Freda and Jem are lesbians who meet at bar, fall in love and stay together for 21 years, have two kids, a son TeeJay and a daughter Sam, along the way. Then trouble appears in the relationship. They question if they love each other or not.

It seems to be told from the point of view of Jem who opens the play by standing there, in black jeans and black t-shirt and says with exuberance that she’s a butch dyke. She revels in that old fashioned descriptor. She is a kind of narrator too commenting on the progress and journey of the two women.

I like how writer, Lois Fine examines the gay relationship of two women who are initially attracted to each other for sex, then settle down to love each other. There is the decision to have children. There is the dilemma of the children in coping when their two mothers are not getting along; how it takes its toll on both kids—Teejay just doesn’t go to school. Sam just seems to be in a miserable mood for the whole of the play for some reason. She is miserable when her mothers are happy and miserable when they are quarrelling. I found Sam to be a one-noted shrew.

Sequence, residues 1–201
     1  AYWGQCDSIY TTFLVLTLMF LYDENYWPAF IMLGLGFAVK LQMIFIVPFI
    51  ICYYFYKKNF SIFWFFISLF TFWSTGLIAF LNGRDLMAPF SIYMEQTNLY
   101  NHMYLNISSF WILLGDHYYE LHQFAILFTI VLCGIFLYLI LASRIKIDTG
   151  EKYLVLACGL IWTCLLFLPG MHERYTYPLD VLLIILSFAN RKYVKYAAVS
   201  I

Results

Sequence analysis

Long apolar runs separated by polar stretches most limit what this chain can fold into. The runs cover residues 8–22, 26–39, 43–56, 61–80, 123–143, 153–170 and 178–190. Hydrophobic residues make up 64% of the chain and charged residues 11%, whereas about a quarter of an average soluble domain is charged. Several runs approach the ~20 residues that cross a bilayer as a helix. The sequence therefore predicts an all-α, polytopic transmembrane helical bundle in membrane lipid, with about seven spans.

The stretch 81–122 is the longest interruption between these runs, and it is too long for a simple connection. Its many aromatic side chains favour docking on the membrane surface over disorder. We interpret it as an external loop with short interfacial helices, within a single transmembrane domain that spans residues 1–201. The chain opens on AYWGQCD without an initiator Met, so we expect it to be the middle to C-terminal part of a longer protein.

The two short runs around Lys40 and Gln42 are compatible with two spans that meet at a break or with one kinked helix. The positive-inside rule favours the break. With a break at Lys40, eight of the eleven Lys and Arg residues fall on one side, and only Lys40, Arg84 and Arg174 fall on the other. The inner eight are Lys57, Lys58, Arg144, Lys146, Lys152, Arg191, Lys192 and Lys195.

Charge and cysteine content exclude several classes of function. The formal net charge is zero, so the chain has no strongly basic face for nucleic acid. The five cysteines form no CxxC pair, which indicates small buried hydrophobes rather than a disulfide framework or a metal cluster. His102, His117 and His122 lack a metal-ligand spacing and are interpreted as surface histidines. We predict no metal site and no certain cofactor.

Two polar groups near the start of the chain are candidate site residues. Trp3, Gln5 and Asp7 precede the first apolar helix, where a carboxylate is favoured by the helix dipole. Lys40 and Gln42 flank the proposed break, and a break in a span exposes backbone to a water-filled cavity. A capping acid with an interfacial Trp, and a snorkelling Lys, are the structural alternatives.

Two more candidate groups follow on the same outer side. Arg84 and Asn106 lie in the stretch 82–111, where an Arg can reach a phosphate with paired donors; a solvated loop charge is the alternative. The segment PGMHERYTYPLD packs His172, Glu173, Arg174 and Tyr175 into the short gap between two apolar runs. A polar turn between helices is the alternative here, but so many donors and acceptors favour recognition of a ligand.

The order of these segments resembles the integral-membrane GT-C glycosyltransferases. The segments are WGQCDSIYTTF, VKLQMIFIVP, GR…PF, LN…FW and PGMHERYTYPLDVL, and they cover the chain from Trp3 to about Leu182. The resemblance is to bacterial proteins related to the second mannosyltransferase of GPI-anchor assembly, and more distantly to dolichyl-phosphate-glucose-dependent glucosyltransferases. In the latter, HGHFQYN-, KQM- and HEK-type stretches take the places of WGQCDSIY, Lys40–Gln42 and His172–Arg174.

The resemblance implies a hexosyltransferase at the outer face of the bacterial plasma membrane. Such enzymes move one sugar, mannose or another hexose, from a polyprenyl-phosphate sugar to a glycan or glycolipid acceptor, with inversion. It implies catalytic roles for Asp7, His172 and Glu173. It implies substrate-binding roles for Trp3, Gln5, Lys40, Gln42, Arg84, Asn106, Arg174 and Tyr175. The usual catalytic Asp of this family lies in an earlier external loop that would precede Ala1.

Couldn’t figure that out—this miserable kid is more than teenaged angst..


You originally saw this at SummerWorks in 2011. It’s been developed at Buddy’s in Bad Times Theatre. How has it evolved?


I don’t think it really has. I think the play is still very rough in its focus. It’s called Freda and Jem’s Best of the Week. Why is Jem getting the focus rather than the play being equally divided between the two of them? It certainly has not benefited from director Judith Thompson’s reimagining of it, which also adds to the lopsided imbalance of the play. This is a family drama, not an esoteric, existential treatise. So why is the set a large square raised platform covered in a red silky sheet? What is that representative of?